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From Fair Weather to Sunrising is exactly to equinoctial sunrise, and the line passes on through two barrows three miles distant. One, from Summer to Sunrising, is also confirmed by going to the vallum of Carvoza Camp. This connection between seasonal alignments and camps is referred to in a Welsh traditional idiom for sunset, "The sun has gone out below his cairns." Neither the Summer nor the Winter lines are at right angles for the usual season fixing dates, but they are in the right direction, and indicate, I think, the approach of the seasons, being a memory of the earlier more exact alignments.

I am not claiming that all Summer and Winter place-names (as in the numerous Winterbournes) originate in seasonal alignments.

But some do.

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on a hill-ridge marked by Scotch firs aligning through Dartmouth and Kingswear Castles. And the three Maiden Castle earthworks are similar. The secondary meaning of the two Maiden Pap hill-points is evident, for the reference occurs again in a great rounded bosom of a hill in Radnorshire called Hopton Titterhill having a marked tumulus on its "" tit for a mark point apex. This word occurs again in the Titterstone Clee Hill, and in several Titterstones.

Other season names are not yet proved, but there should be noted the "Sun names, as

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in Sunadale, Sunbury, and Sunton; also Sundon, Sundhope, Sundridge, where the d is an evident intrusion. There are 'Sol" names, too, inferred by a good mark-stone found at Solomon's Tump, Huntley, Glos., aligning exactly between May Hill and Robin Hood's Hill, and there is a Solsbury Camp near Bath.

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There are many Spring Hills with as yet no proved connection, and the old name of prime for the budding season may be the origin of the four Primrose Hills. To the London one, on which are barrows, an alignment comes from the Tower. A very plain allusion to season-fixing is found in Cronk yn Tree Laa, or "The Hill of the Rise of Day," in the Isle of Man, and a Sunset place near Kington catches the last rays of the sun at one season exactly down a narrow valley. ALFRED WATKINS.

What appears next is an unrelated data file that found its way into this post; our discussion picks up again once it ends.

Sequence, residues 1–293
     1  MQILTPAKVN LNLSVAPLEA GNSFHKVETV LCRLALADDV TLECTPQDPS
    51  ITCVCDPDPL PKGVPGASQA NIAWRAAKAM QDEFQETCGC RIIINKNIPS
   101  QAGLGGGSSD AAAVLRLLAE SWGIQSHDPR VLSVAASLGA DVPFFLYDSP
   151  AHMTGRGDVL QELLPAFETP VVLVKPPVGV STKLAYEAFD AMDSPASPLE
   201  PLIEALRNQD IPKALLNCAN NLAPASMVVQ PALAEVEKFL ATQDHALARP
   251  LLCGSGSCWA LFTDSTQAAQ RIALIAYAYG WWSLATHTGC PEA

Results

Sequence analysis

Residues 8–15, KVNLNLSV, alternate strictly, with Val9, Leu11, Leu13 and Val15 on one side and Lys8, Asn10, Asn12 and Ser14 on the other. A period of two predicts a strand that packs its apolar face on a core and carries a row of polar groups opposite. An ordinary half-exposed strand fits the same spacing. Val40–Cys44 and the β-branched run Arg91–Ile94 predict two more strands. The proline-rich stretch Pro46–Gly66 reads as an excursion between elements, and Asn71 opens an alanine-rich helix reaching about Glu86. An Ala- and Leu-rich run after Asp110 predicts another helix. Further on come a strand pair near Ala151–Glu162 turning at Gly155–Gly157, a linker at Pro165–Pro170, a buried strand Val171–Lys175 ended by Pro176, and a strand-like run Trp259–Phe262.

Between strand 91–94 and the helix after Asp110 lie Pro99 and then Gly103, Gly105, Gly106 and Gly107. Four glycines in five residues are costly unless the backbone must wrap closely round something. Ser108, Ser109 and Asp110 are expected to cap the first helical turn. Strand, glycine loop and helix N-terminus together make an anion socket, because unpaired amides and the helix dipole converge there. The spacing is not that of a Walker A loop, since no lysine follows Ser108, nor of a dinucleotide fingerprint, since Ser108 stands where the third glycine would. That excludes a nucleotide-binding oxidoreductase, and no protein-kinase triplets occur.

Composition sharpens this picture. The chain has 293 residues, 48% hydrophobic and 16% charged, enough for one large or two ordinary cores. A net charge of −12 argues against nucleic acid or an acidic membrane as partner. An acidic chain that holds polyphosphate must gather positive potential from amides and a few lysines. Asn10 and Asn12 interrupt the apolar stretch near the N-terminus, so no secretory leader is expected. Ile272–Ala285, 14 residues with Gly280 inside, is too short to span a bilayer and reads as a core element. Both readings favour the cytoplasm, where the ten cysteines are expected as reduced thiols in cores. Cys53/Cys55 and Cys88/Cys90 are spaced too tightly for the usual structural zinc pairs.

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ACOMB'S LINK WITH THE POET TENNYSON. It is not generally known that there is an Stephen, Acomb, and the Tennyson family. If intimate link between the parish church of St. visitors to the picturesque God's Acre which surrounds this church will search among the the church they will notice one bearing the gravestones situated on the north-west side of simple initials, 'E. W." This is the last resting-place of a brother of Lord Tennyson, who died in the neighbourhood some years before the poet's death, and was brought to An old inhabitant once Acomb for burial. told the writer that he distinctly remembers the funeral procession passing by Acomb Green, and the impressive, heavily-bent figure Tennyson, bareheaded, and with the of familiar dark Inverness cape hung around his shoulders, walking behind the hearse. This is a literary association which Acomb should never allow to perish. ST. SWITHIN.

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ANTHONY FOSTER, OF TROTTON.—IS anything known of Anthony Foster of Trotton, co. Sussex? When did he die, and where was he buried? What children did he leave? Is there any will or administration extant? He was son of Thomas Foster of Worcestershire, by his wife Constance, daughter and co-heir of Sir Roger Lewknor of Trotton, knight, and was born after 1569. The Foster pedigree is given in the Harleian Society's Visitation of Worcestershire,' 1569, p. 56, and Visitations of Sussex,' p. 172. Lincoln's Inn MS. 150 contains five poems, parhaps transcribed in the fifteenth century. In the binding of this MS. is a large piece of a document relating to the hospital of St. John of Beverley, on which is written in Elizabethan or Jacobean handwriting-" Anthony Foster de Trotton Ar." and below "" Cosyn between two indecipherable words. Quite an erroneous reading is given in the Introduction to 'The Seege or Batayle of Troye,' recently published by the Early English Text Society-" Anthony Foster de Trofford," instead of "de Trotton Ar. is a long disquisition, making him to be a Staffordshire man, and the godson of Anthony Foster of Cumnor. But the words are plainly de Trotton Ar." The arms of the two families are quite different, and there is no proof whatever of any relationship between the Sussex and the Shropshire Fosters.

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enment as to the regulations regarding the sounding of 'the Charge "" at the time of Balaclava.